Words related to ascend


word-forming element expressing direction toward or in addition to, from Latin ad "to, toward" in space or time; "with regard to, in relation to," as a prefix, sometimes merely emphatic, from PIE root *ad- "to, near, at."

Simplified to a- before sc-, sp- and st-; modified to ac- before many consonants and then re-spelled af-, ag-, al-, etc., in conformity with the following consonant (as in affection, aggression). Also compare ap- (1).

In Old French, reduced to a- in all cases (an evolution already underway in Merovingian Latin), but written forms in French were refashioned after Latin in 14c. and English did likewise 15c. in words it had picked up from Old French. In many cases pronunciation followed the shift. Over-correction at the end of the Middle Ages in French and then English "restored" the -d- or a doubled consonant to some words that never had it (accursed, afford). The process went further in England than in France, where the vernacular sometimes resisted the pedantic, resulting in English adjourn, advance, address, advertisement (Modern French ajourner, avancer, adresser, avertissement). In modern word-formation sometimes ad- and ab- are regarded as opposites, but this was not in classical Latin.

scan (v.)

late 14c., scannen, "to mark off verse in metric feet, analyze verse according to its meter," from Late Latin scandere "to scan verse," originally, in classical Latin, "to climb, rise, mount" (the connecting notion is of the rising and falling rhythm of poetry), from PIE *skand- "to spring, leap, climb" (source also of Sanskrit skandati "hastens, leaps, jumps;" Greek skandalon "stumbling block;" Middle Irish sescaind "he sprang, jumped," sceinm "a bound, jump").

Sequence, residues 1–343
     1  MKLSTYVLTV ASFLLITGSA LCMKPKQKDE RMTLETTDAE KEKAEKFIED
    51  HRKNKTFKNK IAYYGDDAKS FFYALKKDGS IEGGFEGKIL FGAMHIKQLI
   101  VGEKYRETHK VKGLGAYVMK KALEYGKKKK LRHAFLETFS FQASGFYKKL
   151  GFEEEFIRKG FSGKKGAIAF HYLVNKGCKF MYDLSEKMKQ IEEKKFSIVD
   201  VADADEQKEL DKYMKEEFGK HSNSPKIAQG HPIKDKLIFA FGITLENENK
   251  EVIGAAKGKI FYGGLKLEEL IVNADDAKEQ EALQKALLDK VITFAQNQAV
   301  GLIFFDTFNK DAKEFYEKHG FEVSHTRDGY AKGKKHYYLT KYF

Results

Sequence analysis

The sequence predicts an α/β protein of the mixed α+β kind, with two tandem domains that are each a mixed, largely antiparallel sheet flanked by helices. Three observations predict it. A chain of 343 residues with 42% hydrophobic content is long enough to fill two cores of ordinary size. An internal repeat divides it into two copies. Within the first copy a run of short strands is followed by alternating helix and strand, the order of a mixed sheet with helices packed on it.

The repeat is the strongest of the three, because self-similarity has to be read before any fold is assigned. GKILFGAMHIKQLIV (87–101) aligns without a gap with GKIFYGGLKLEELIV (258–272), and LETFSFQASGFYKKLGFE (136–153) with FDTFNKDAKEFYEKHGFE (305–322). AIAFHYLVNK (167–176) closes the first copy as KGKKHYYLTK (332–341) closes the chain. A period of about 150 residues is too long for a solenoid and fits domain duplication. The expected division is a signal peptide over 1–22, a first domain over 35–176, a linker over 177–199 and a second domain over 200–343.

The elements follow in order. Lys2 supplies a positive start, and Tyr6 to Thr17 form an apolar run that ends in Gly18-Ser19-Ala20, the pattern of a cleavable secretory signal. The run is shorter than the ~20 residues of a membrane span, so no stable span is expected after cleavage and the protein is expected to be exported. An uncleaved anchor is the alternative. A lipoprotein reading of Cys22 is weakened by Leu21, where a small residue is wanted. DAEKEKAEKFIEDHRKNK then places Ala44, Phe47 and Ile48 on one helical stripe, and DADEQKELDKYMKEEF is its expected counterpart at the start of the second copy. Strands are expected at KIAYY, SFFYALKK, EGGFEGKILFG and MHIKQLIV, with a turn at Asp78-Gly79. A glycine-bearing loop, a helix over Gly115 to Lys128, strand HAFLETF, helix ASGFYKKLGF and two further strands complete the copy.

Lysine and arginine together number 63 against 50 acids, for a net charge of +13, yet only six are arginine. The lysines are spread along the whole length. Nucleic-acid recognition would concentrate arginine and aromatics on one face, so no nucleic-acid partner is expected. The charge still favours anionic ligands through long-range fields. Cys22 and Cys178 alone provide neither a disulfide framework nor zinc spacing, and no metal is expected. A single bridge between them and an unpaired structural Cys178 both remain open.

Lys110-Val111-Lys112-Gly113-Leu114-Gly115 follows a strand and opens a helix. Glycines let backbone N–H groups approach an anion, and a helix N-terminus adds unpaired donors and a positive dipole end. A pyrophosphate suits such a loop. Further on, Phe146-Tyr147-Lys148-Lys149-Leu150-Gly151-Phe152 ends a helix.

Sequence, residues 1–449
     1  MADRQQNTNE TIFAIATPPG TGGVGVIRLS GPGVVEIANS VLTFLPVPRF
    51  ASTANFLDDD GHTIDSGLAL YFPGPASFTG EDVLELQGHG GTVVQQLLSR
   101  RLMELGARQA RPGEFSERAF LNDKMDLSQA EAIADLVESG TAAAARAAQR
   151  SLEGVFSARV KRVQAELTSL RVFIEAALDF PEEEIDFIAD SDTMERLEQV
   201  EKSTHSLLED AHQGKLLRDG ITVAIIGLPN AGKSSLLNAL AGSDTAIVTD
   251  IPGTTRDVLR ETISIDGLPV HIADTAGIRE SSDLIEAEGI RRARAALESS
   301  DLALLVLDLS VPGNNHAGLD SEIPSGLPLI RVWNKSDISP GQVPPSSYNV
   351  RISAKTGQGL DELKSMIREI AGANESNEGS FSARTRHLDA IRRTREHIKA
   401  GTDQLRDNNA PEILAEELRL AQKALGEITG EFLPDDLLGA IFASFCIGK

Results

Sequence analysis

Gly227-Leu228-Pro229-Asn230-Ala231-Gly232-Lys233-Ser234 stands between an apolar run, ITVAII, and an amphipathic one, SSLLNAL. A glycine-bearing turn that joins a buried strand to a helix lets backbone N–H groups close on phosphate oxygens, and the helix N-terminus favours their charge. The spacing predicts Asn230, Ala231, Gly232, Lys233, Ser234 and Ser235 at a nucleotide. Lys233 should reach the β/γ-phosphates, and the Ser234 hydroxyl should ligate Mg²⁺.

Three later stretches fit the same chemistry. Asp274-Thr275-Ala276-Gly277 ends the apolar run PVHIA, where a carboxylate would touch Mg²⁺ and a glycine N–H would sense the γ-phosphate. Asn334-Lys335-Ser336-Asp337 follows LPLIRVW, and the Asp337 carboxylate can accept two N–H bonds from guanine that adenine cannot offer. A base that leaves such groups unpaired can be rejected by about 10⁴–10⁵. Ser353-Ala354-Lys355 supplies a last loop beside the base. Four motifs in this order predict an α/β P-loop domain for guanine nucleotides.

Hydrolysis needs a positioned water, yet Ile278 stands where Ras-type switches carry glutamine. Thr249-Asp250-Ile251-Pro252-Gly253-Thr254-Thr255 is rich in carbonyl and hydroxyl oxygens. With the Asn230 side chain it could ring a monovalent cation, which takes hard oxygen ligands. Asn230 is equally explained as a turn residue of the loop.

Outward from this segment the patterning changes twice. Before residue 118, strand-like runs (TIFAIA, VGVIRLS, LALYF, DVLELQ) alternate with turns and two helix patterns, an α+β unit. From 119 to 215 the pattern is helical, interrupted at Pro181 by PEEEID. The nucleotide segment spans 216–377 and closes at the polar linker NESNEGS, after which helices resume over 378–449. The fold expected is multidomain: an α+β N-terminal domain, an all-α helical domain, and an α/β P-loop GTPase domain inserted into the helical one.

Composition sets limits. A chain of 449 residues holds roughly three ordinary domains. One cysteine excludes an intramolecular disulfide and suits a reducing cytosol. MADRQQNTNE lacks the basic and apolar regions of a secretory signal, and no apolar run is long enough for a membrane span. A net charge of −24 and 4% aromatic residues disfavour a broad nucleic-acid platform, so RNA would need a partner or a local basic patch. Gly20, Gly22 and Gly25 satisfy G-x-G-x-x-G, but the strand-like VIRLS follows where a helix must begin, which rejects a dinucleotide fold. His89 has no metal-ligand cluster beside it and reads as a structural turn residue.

English lost the classical -d- probably by confusion with suffix -ed (compare lawn (n.1)). Intransitive meaning "follow or agree with the rules of meter" is by 1857. The sense of "look at point by point, examine minutely (as one does when counting metrical feet in poetry)" is recorded by 1540s. New technology brought the meaning "systematically pass over with a scanner," especially to convert into a sequence of signals (1928). The (opposite) sense of "look over quickly, skim" is attested by 1926. Related: Scanned; scanning.

ascending (adj.)
"proceeding from a lower position to a higher," 1610s, present-participle adjective from ascend (v.).
ascendance (n.)
1742, from ascend + -ance. According to OED, properly "the act of ascending," but used from the start in English as a synonym of ascendancy.
ascendant (adj.)
late 14c., ascendent, in astrology, "rising over the horizon," from Latin ascendentem (nominative ascendans), present participle of ascendere "to mount, ascend, go up" (see ascend). Sense "moving upward, rising" is recorded from 1590s.

As a noun in astrology, "point of the ecliptic or sign of the zodiac which is on the eastern horizon at the moment of birth." The planet that rules the ascendant is believed to have predominant influence on the horoscope. Hence in the ascendant "ruling, dominant" (not, as is often thought, "rising"), 1670s, and the adjective meaning "superior, dominant," 1806.
ascender (n.)
1620s, agent noun from ascend (v.). In typography from 1867.
ascension (n.)

c. 1300, "ascent of Christ from earth into Heaven in the presence of his disciples on the 40th day after the Resurrection," from Latin ascensionem (nominative ascensio) "a rising," noun of action from past-participle stem of ascendere "to mount, ascend, go up" (see ascend). Astronomical sense is recorded late 14c.; meaning "action of ascending" is from 1590s. Related: Ascensional.

ascent (n.)
c. 1610, "action of rising, upward movement," from ascend on model of descend/descent. Meaning "act of climbing" is from 1753.
reascend (v.)

also re-ascend, "to climb or mount again," mid-15c.; see re- "back, again" + ascend. Related: Reascended; reascending.